6. Yaks on the 5
Yaks on the 5 is one of the most popular stops on Highway 5 and has even been featured on Yelp’s Top 100 restaurants list. They have an extensive collection of crazy hamburgers, such as one that has two sticky buns instead of the traditional hamburger buns. They make a lot of their sauces in house, including lavender ketchup, and they have a great beer list to go with your burger.
7. Historic Yreka
Yreka is one of the largest towns in Siskiyou County and has a lot of historic Gold Rush-era buildings and businesses. One of my favorite stops there is Zephyr Books & Coffee, which is a fun coffee shop right on the main downtown street. There’s also some great restaurants, a barbershop, an old hotel, and antique stores – lots of fun things to walk around and see.
Then, when you exit the town, be sure to stop at the Yreka Dragon, which is located about 4 miles up on Highway 5, right on the side of the road. There’s a little pullout there, and you can walk out and take some pictures of it. It’s a popular roadside attraction in the Yreka area.
8. Mt. Shasta Fish Hatchery
Mt. Shasta Fish Hatchery opened in 1888 and is the oldest trout fish hatchery west of the Mississippi. The hatchery is open to the public daily, and you can grab some fish food, feed the fish, and walk around. It’s a great place to spend about 30 minutes, especially if you have children because the fish are super excited to eat the food.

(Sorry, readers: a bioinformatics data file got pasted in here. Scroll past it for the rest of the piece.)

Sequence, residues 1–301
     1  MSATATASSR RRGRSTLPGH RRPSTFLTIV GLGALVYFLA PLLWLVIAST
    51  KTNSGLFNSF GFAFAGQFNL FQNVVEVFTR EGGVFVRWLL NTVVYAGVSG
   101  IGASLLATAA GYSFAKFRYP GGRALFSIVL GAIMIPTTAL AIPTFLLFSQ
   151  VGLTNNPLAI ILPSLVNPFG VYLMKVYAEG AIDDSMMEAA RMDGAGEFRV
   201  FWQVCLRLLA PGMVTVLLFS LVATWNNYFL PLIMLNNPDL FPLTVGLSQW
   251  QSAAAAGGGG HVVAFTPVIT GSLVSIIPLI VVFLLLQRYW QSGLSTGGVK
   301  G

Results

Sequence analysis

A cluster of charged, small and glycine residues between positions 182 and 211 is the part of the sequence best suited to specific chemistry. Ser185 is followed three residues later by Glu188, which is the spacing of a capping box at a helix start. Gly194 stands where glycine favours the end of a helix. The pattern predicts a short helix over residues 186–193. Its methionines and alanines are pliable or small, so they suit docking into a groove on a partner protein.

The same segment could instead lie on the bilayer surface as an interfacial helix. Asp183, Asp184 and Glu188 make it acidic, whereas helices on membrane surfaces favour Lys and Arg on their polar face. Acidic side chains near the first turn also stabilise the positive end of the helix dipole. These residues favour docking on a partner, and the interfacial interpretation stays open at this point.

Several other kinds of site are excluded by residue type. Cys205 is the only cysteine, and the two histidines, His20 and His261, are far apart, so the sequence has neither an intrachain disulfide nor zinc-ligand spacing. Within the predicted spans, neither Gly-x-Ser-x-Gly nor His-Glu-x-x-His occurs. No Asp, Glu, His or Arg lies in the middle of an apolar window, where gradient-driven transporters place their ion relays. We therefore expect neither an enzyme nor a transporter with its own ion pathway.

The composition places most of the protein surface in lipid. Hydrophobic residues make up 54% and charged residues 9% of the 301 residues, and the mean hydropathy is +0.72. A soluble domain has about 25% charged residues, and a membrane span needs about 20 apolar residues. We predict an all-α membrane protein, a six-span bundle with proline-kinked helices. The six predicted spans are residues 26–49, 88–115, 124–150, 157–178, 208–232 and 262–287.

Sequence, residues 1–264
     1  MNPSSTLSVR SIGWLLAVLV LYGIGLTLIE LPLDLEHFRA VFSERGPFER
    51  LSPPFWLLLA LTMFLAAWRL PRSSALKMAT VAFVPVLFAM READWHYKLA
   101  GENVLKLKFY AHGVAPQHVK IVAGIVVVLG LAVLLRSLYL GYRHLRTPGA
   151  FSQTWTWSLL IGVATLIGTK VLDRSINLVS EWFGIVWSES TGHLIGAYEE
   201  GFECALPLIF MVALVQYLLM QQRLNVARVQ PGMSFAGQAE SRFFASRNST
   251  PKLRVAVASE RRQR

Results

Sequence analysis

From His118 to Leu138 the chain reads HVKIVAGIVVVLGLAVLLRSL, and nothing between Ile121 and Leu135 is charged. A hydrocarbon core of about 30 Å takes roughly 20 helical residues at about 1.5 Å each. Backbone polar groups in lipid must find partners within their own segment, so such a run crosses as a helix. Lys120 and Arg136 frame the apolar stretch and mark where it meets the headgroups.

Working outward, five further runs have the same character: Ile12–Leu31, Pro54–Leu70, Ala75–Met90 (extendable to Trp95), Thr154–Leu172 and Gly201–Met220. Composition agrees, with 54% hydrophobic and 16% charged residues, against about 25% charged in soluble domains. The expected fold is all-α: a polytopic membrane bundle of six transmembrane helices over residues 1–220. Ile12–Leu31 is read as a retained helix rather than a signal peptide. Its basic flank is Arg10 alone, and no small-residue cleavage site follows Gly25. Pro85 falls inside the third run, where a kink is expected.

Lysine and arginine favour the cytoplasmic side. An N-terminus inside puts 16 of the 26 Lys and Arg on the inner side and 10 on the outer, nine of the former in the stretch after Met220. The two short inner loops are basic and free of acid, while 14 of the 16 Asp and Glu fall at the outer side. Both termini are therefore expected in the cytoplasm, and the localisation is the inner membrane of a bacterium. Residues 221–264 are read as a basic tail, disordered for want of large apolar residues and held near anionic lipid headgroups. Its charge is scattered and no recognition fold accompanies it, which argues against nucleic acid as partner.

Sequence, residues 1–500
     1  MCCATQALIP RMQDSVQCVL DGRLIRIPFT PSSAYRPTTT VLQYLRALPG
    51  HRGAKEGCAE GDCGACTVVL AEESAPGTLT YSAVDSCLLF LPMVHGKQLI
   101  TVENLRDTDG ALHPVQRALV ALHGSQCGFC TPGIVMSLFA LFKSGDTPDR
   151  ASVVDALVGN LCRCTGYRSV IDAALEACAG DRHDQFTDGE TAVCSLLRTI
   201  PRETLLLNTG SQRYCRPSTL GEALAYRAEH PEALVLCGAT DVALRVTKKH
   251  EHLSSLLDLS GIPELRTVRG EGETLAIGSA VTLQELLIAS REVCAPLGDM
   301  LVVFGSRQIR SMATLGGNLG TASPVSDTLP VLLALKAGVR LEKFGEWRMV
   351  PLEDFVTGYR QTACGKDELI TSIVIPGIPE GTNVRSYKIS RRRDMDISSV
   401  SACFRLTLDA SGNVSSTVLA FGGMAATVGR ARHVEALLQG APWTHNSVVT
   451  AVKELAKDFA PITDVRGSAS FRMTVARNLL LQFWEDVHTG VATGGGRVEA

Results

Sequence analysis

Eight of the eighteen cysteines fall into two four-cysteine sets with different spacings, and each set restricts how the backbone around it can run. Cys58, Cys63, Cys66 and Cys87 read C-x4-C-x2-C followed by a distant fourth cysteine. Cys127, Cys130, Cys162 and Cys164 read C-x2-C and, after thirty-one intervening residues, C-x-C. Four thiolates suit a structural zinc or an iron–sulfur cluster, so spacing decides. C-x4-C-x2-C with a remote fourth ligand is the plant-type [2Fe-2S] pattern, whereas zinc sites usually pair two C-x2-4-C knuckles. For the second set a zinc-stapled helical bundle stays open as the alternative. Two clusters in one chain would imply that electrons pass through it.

9. Living Memorial Sculpture Garden
Living Memorial Sculpture Garden, located about 12 miles east of the town of Weed on Highway 97, is dedicated to all veterans who have served in any of our country’s wars. The sculptures were created to honor everyone from the nurses that served during the wars, the POWs, and those that were missing in action. One of my favorite sculptures was called Coming Home, and it showed the embrace of two people celebrating being reunited after a war. It’s a great area to spend 30-45 minutes just looking around at the sculptures.
10. Denny Bar Co. Distillery & California Heritage Farms
Denny Bar Co. Distillery is located about 45 minutes off the highway in the small town of Etna. It’s a modern restaurant that you would not expect to find in such a small town. It has an eclectic menu with fun options such as pizza and some of the best avocado toast I have ever had. Often on the weekends, you can take a tour of their distillery and try their gin and vodka. All of this is located in a 100-year-old bank building that has been extraordinarily well preserved. It is easily worth the 45-minute drive off the freeway to get there.
On the way back to the highway, be sure to stop at California Heritage Farms in Fort Jones. They sell regional goods and fresh fruit (June – October), plus during the summer, you can pick your own berries from their patch!
11. Lake Siskiyou